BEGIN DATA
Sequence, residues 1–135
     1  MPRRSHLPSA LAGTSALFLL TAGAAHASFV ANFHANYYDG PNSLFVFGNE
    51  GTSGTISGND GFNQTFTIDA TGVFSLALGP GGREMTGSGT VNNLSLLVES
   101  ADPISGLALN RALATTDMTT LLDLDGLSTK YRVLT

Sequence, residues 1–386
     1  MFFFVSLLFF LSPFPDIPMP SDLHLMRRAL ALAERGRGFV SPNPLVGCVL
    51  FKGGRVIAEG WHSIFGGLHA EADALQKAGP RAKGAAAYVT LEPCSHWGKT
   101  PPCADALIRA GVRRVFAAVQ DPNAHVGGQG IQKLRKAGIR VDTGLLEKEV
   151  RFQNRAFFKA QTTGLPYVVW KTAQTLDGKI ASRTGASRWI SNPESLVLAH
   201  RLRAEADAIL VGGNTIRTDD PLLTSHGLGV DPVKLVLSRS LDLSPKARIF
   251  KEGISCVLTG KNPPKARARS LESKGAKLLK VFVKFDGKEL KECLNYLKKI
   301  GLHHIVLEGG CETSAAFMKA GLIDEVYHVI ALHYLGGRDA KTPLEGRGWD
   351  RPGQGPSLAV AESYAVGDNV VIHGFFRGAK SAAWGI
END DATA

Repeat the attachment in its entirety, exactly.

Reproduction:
Sequence, residues 1–135
     1  MPRRSHLPSA LAGTSALFLL TAGAAHASFV ANFHANYYDG PNSLFVFGNE
    51  GTSGTISGND GFNQTFTIDA TGVFSLALGP GGREMTGSGT VNNLSLLVES
   101  ADPISGLALN RALATTDMTT LLDLDGLSTK YRVLT

Sequence, residues 1–386
     1  MFFFVSLLFF LSPFPDIPMP SDLHLMRRAL ALAERGRGFV SPNPLVGCVL
    51  FKGGRVIAEG WHSIFGGLHA EADALQKAGP RAKGAAAYVT LEPCSHWGKT
   101  PPCADALIRA GVRRVFAAVQ DPNAHVGGQG IQKLRKAGIR VDTGLLEKEV
   151  RFQNRAFFKA QTTGLPYVVW KTAQTLDGKI ASRTGASRWI SNPESLVLAH
   201  RLRAEADAIL VGGNTIRTDD PLLTSHGLGV DPVKLVLSRS LDLSPKARIF
   251  KEGISCVLTG KNPPKARARS LESKGAKLLK VFVKFDGKEL KECLNYLKKI
   301  GLHHIVLEGG CETSAAFMKA GLIDEVYHVI ALHYLGGRDA KTPLEGRGWD
   351  RPGQGPSLAV AESYAVGDNV VIHGFFRGAK SAAWGI